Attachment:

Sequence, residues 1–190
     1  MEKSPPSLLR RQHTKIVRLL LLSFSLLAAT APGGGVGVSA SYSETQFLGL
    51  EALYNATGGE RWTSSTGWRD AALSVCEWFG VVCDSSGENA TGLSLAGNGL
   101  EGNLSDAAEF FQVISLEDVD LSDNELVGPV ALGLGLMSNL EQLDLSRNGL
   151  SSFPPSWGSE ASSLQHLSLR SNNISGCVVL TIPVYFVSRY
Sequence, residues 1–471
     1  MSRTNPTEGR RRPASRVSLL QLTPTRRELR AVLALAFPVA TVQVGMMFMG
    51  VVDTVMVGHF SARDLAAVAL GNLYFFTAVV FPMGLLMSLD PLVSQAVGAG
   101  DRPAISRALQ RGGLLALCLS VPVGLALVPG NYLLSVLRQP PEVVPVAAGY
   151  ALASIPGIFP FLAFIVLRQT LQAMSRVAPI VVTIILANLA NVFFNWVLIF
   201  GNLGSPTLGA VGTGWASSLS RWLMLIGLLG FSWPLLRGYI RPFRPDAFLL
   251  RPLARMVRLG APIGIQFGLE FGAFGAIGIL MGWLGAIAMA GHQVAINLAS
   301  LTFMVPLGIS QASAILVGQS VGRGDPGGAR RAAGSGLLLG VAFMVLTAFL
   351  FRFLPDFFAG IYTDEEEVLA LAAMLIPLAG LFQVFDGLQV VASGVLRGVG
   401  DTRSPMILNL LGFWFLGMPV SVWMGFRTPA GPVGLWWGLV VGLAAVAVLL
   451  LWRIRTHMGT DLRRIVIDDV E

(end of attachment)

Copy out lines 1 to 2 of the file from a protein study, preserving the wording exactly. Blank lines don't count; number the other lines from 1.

Sequence, residues 1–190
     1  MEKSPPSLLR RQHTKIVRLL LLSFSLLAAT APGGGVGVSA SYSETQFLGL